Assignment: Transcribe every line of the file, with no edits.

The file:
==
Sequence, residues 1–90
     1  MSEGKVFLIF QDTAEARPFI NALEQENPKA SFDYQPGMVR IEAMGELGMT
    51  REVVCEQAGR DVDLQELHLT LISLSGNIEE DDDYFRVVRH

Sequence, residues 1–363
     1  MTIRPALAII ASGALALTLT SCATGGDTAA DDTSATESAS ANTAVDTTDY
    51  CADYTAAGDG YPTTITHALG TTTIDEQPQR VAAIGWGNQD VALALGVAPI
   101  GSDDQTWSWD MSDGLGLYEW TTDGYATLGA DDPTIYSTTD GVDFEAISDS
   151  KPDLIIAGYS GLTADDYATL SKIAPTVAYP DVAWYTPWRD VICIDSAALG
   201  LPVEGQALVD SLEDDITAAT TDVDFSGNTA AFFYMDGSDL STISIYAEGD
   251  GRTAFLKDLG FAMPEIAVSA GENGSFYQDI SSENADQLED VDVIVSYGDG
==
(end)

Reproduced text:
Sequence, residues 1–90
     1  MSEGKVFLIF QDTAEARPFI NALEQENPKA SFDYQPGMVR IEAMGELGMT
    51  REVVCEQAGR DVDLQELHLT LISLSGNIEE DDDYFRVVRH

Sequence, residues 1–363
     1  MTIRPALAII ASGALALTLT SCATGGDTAA DDTSATESAS ANTAVDTTDY
    51  CADYTAAGDG YPTTITHALG TTTIDEQPQR VAAIGWGNQD VALALGVAPI
   101  GSDDQTWSWD MSDGLGLYEW TTDGYATLGA DDPTIYSTTD GVDFEAISDS
   151  KPDLIIAGYS GLTADDYATL SKIAPTVAYP DVAWYTPWRD VICIDSAALG
   201  LPVEGQALVD SLEDDITAAT TDVDFSGNTA AFFYMDGSDL STISIYAEGD
   251  GRTAFLKDLG FAMPEIAVSA GENGSFYQDI SSENADQLED VDVIVSYGDG